2015 Spring/Summer Tour Dates
    4-12 Philadelphia, PA Kimmel Center for the Performing Arts w/Philadelphia Youth Orchestra
    4-15 Durham, NC North Carolina Symphony
    4-17 Newport News, VA Ferguson Center Concert Hall
    4-19 Cincinnati, OH Music Hall w/Cincinnati Pops Orchestra
    4-25 Huntsville, AL Panoply Festival of the Arts @ Big Spring Park
    4-30 Pittsburgh, PA Heinz Hall w/Pittsburgh Symphony Orchestra
    5-23 Lenox, MA SummerSound Live at Tanglewood Music Center
    6-17 Grand Rapids, MI Meijer Gardens
    6-19 Ann Arbor, MI Power Center for the Performing Arts (Ann Arbor Summer Festival)
    6-20 Dayton, OH Schuster Center w/Dayton Philharmonic Orchestra
    6-21 Charlottesville, VA nTelos Wireless Pavilion w/Mary Chapin Carpenter
    6-26 Atlanta, GA Chastain Park Amphitheater
    7-05 San Diego, CA Humphrey’s
    7-07 Los Angeles, CA El Rey Theatre
    7-08-9 Saratoga, CA Montalvo Arts Center
    7-11 Portland, OR Oregon Zoo Amphitheatre
    7-12 Seattle, WA Woodland Park Zoo
    7-14 Layton, UT Edward A. Kenley Centennial Amphitheater
    7-15 Boulder, CO Chautauqua Auditorium
    7-18 Eau Claire, WI Eaux Claires Music Festival
    7-26 Camden, NJ XPoNential Music Festival @ River Stage in Wiggins Park
    7-28 Vienna, VA The Filene Center @ Wolf Trap
    7-29 Selbyville, DE Freeman Stage
    8-07 Indianapolis, IN Indiana State Fair


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    Hi there.

    Welcome back to The Next Bend, the Guitar World column dedicated to B-bending guitarists, guitars, gear, news, licks, songs and more.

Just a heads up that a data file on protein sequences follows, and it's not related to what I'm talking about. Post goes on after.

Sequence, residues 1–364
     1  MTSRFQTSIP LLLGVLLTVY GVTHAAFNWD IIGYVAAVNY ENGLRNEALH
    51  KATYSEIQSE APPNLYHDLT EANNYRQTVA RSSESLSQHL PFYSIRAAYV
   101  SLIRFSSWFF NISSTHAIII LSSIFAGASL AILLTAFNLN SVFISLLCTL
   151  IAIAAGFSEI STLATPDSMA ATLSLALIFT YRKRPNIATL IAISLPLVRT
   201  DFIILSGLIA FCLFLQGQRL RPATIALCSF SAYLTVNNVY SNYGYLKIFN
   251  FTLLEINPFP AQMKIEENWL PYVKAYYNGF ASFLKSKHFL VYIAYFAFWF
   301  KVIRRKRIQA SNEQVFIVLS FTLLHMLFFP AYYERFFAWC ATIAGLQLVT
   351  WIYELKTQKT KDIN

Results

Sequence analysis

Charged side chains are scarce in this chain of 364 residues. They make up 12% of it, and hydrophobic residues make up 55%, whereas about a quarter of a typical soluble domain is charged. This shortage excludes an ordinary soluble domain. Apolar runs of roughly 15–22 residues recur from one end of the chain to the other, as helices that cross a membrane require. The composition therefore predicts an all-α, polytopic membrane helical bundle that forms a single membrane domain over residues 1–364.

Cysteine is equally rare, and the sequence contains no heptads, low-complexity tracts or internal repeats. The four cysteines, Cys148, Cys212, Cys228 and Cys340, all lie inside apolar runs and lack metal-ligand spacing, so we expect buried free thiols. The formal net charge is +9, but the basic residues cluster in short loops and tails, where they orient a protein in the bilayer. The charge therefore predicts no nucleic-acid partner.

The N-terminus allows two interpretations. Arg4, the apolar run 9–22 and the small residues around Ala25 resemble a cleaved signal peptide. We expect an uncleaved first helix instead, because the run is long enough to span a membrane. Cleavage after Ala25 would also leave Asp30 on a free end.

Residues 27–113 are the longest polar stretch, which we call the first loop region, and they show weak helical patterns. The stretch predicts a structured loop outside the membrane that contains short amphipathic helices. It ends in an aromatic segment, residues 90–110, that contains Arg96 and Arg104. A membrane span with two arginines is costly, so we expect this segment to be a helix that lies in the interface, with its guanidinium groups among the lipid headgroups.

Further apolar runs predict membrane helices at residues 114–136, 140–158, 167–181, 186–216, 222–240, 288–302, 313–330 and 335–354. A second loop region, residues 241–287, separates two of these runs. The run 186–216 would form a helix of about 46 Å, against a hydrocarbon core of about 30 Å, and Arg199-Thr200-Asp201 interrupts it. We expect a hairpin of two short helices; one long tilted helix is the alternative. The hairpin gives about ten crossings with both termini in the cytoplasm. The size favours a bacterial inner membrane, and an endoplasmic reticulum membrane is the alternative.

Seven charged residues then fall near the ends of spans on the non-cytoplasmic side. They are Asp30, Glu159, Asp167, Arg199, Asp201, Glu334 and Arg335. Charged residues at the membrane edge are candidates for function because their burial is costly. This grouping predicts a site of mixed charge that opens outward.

For the uninitiated, a B-bender is a contraption (the perfect word for it) that lives in- or outside your guitar and allows you to pull—usually with some sort of arm, palm, shoulder or hip movement—your guitar's B string up a perfect whole step. So, a B note would suddenly become a C# (or a C, if you don't bend the string all the way).

    Although this simple explanation might not convey the wonder of a B-bender (it sounds more like an exercise regimen, to be honest), let's just say the contraption allows guitarists to create sounds that would be impossible otherwise. And it sounds cool as hell. Or "cool as heck" if that offends anyone.

    Anyway, for today's column, I decided to grab my trusty grey shirt and my Gibson Music City Jr. with B-Bender (a limited-edition guitar Gibson issued in 2013; it's still on the company's website, which makes me wonder if it's coming back into production) and shoot a few basic B-bender licks.

    By the way, the only other person I've ever spoken to who has this guitar is Charlie Starr of Blackberry Smoke. We speak about the guitar briefly in this story.

    A big shout out to the gang at the Seymour Duncan Custom Shop, who aided me in my quest for two P90-sized humbuckers, which I recently installed to replace the guitar's stock Gibson P90s. (I'm reeeeally not a P90 guy.)

    The first couple of licks we shot in GW's underground lair are indeed fairly basic; they're sort of a primer for guitarists who—for some weird reason—have bought a B-bender-equipped guitar and don't really know what to do with it. After all, some of the B-bender videos on YouTube are fairly useless. Just sayin'!

    This first lick is basically a brief yet self-contained country/blues song (feel feel to steal it—and thank me in your liner notes!) in C. It's got elements of pentatonic blues and country, and it starts off on the eighth fret in a very standard "Hey, let's play some upbeat blues in C major" sorta way. There's no tab for this lick, but I really don't think that'll be an issue.

    If you have any questions, feel free to write me at damian@guitarworld.com. I'll try to reply before 2019. By the way, this guitar uses a Joe Glaser bender and a modified Gibson Nighthawk bridge. It's also set up so that I could turn it into a G-bender, which I won't be doing anytime soon.

    Enjoy!

    Damian Fanelli is the online managing editor at Guitar World. He's a B-bending guitarist who collects B-bender-equipped guitars. He has four at the moment. Follow him on Twitter.